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Author Topic: Kidney donation is safe over 70  (Read 6180 times)

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Offline Clark

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Kidney donation is safe over 70
« on: October 29, 2011, 06:02:03 PM »
http://www.barchester.com/Healthcare-News/Kidney-donation-is-safe-over-70/376/4909

Kidney donation is safe over 70

Healthy individuals over the age of 70 can safely donate a kidney.
People over 70 can still donate a kidney, according to a recent study.

Researchers in Washington have discovered that healthy individuals over 70 years old were no more likely to die within one, five or ten years after donating than healthy older adults who were not organ donors.

The findings are good news for those patients with limited donor options in need of a kidney.

Dr Dorry Segev, investigator on the study, stated: "It is important for individuals over 70 who want to donate a kidney to be aware that many have done so safely.

"Many older adults - and even many physicians - are not even aware that this occurs."

Studies are increasingly proving that kidney donors are at very little medical risk and that, in the long term, people who donate one of their kidney's are likely to live just as long as those who have two healthy ones.

Dr Segev discovered after looking at data from a national registry of 80,347 live kidney donors in the US that there were only 25 deaths in the first 90 days after donation surgery over a 15 year period.
Unrelated directed kidney donor in 2003, recipient and I both well.
626 time blood and platelet donor since 1976 and still giving!
Elected to the OPTN/UNOS Boards of Directors & Executive, Kidney Transplantation, and Ad Hoc Public Solicitation of Organ Donors Committees, 2005-2011
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Offline sherri

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Re: Kidney donation is safe over 70
« Reply #1 on: October 29, 2011, 07:40:53 PM »
Dr Segev discovered after looking at data from a national registry of 80,347 live kidney donors in the US that there were only 25 deaths in the first 90 days after donation surgery over a 15 year period.


Maybe I am responding from the heart instead of the head but reading "there were only 25 deaths in the first 90 days after donation surgery over a 15 year period" does not sound like a statistic I would not care to be part of. Donation surgery is elective surgery. So these 25 patients (someone's mother, father, sibling, child, friend) did not need this surgery at all. They had 0% chance of any adverse effect to their health unlike sick patients who take the risk of surgery in order to improve their health. So what might be an acceptable mortality statistic for a sick patient might not be equivalent for a healthy patient who did not need surgery.  Kidney recipients, unlike liver or heart recipients do have a mechanism to stay alive, albeit on dialysis. Yes, dialysis does have detrimental effects but in essence is life saving or life prolonging. Also what happened after 90 days and how many living donors suffer long term health complications or death and was not reported. Recently, there has been a lot of controversy surrounding mammograms and if screening actually saves lives. If your life was saved then it was worth it to you and your family. How are the recipients whose donors died as a result of them having an elective surgery doing and would they feel that it was worth the risk.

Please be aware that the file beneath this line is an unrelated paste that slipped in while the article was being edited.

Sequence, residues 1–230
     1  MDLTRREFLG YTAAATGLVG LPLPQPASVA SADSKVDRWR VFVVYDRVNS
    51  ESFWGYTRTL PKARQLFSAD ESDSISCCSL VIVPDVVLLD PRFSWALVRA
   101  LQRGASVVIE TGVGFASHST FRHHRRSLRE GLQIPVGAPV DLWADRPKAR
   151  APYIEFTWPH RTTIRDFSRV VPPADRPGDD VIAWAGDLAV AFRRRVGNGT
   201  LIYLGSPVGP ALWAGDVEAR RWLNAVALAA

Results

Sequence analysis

Sherri
Living Kidney Donor 11/12/07

Offline Karol

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Re: Kidney donation is safe over 70
« Reply #2 on: November 05, 2011, 12:29:45 AM »
The donors "elected" to undergo surgery to save a life.
Dialysis is life support. It's a slow death.
Daughter Jenna is 31 years old and was on dialysis.
7/17 She received a kidney from a living donor.
Please email us: kidney4jenna@gmail.com
Facebook for Jenna: https://www.facebook.com/WantedKidneyDonor
~ We are forever grateful to her 1st donor Patrice, who gave her 7 years of health and freedom

Offline Clark

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Living Kidney Donors Ages 70 and Older: Recipient and Donor Outcomes.